In my previous post, I mentioned how of the NGOs who have digitalised their needs assessments processes, many of them will use a completely different system for beneficiary tracking and the two different systems don’t ‘talk’ to each other causing unnecessary duplication and inefficiencies. Often what happens is one group of staff, usually some form of DME staff, once a disaster has been declared internally, conduct rapid (and not-so rapid) needs assessments using paper or tools like SMAP, KoboCollect, or another service. Let’s say these staff conduct the assessment talking to households affected by the disaster in communities A, B, C, and D. The assessment usually contains information about who has been affected, what the impact of the disaster is, what the priority needs are, etc. and sometimes will have information about specific households (names, size, ages, etc.)
The response team leadership of the same uses many different sources of information to decide which communities to work with for their response. In this scenario, let’s say they decide to work with communities A and C, but not B and D. As, but usually before, operations teams implement activities in communities A and C, a team of staff (different to the DME staff above) are sent to the communities to ‘register’ beneficiaries, which includes collecting specific data on each household (names, size, ages, etc.). These teams often use paper, but in some agencies use tools like LMMS, WFP’s SCOPE, or UNHCR tools.
So in this case what in essence happens is communities A and C are visited by two different teams from the same organisation asking for the same or similar information before they even receive any Aid. There are many reasons for this duplication including classic management problems such as silos, turf wars, etc., however in those agencies employing digital mechanisms for both processes, there must be a better way.
In other areas of our lives where we apply for things, we often register our interest giving various information about ourselves (think about applying for a course) and then if approved that information is brought “across” to our profile. If we are asked to input the same data again, we get annoyed as we’ve already provided that information so why do we need to do it again!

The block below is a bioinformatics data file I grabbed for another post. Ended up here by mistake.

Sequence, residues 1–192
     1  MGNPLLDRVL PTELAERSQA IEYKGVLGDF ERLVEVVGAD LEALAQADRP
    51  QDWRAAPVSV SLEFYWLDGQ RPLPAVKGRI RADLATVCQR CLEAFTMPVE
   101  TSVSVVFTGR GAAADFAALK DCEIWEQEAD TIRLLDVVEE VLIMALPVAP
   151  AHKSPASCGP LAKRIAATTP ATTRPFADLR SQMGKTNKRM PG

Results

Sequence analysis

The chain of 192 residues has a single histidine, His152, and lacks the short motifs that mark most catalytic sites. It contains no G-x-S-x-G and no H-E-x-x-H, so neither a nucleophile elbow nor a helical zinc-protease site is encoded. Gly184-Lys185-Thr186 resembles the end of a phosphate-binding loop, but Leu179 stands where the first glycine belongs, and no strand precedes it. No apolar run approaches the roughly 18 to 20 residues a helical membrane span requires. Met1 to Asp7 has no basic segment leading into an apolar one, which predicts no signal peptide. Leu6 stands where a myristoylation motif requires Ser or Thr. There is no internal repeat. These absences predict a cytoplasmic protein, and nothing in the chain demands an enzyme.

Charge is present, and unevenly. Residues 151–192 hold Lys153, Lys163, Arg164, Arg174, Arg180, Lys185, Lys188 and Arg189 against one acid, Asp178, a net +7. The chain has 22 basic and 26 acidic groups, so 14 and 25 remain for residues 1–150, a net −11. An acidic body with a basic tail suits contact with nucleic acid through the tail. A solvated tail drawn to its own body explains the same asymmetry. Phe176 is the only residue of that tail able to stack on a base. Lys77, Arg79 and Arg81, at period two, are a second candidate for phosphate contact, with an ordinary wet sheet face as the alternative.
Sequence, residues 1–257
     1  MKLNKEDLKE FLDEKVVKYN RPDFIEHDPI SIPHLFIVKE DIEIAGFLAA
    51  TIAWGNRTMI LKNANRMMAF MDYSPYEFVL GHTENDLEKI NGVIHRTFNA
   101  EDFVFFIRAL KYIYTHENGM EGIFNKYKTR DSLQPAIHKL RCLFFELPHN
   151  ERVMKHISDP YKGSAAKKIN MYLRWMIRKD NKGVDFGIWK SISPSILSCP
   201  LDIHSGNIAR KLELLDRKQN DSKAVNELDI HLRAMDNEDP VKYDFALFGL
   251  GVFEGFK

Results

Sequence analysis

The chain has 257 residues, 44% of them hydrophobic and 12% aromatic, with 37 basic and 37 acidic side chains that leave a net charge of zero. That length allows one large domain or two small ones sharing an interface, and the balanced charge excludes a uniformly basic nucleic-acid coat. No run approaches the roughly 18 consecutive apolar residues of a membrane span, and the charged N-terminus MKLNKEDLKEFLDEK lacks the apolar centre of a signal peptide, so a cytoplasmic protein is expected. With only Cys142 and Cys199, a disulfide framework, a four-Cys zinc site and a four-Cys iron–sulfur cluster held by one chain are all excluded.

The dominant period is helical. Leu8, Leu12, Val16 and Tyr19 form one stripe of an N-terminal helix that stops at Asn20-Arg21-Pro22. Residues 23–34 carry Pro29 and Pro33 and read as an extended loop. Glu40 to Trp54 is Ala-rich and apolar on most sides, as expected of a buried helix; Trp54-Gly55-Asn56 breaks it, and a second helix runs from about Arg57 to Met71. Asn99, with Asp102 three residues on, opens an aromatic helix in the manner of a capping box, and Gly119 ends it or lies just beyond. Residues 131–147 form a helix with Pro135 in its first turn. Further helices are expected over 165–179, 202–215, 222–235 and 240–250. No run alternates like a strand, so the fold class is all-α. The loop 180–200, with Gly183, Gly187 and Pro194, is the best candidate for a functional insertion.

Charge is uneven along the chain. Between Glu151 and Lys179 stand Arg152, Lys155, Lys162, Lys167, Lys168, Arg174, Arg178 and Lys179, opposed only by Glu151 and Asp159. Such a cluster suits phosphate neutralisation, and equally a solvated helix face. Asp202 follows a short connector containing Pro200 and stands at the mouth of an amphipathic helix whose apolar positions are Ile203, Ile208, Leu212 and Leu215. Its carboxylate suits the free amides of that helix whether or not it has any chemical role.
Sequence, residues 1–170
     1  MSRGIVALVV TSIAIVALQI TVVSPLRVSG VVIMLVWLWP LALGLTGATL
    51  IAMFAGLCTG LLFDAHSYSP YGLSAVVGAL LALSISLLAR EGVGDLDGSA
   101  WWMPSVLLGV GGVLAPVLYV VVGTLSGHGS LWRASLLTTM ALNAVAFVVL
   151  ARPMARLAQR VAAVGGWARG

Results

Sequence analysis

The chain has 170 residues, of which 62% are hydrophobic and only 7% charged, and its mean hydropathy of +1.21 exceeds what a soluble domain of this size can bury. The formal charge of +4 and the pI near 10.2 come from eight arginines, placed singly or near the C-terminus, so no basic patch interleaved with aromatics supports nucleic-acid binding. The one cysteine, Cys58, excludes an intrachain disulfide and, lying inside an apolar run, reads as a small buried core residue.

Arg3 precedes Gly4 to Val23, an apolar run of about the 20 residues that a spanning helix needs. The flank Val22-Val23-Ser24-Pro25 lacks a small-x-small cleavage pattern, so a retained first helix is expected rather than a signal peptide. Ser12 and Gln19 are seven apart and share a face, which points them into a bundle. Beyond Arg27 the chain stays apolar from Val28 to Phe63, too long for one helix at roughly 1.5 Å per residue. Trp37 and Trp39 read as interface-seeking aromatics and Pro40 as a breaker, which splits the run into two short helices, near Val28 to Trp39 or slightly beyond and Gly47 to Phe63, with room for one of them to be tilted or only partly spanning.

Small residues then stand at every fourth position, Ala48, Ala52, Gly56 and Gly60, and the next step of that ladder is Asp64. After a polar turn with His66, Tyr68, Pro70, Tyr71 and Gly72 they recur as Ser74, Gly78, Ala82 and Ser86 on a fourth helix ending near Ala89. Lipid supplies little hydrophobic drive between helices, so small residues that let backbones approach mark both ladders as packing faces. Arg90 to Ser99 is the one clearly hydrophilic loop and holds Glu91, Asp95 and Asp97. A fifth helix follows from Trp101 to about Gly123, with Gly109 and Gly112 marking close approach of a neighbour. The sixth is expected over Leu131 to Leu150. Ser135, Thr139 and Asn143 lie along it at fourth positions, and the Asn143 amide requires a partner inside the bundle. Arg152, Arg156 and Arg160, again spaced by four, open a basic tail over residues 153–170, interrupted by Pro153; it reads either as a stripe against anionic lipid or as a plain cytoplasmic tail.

So why can’t we employ the same principle to aid? Going back to our scenario, the NGO should be able to take the household data collected by the assessment teams in communities A and C and convert it into beneficiary data at a click of a button. Staff should then be able to see where the gaps are and send teams back to the communities to fill the gaps rather than collect duplicate data. This may require a small shift in some of the data collected through the assessment process, such as ensuring they collect basic household data from the people they talk to. From a system perspective it requires the digital tools used for the assessment to be able to store the household data in a database, which then can be accessed by the digital beneficiary tracking system – in essence a shared database or an API should do the trick. Some agencies may want to use one digital tool for both the assessments and the beneficiary tracking, however this isn’t necessary in my view as long as the systems ‘talk’ to each other.
Frankly, we need more people within NGOs who can stand outside of the silos and ‘see’ how things link together as this idea could also be expanded to include more than just assessment data and beneficiary tracking, but also project M&E systems and perhaps even aspects of accountability. Sometimes I think we need to press the pause button and do a stock take on all the different processes we demand our response teams to complete and disaster affected communities to tolerate and see where there is overlap, so we can achieve much more effective data management and analysis.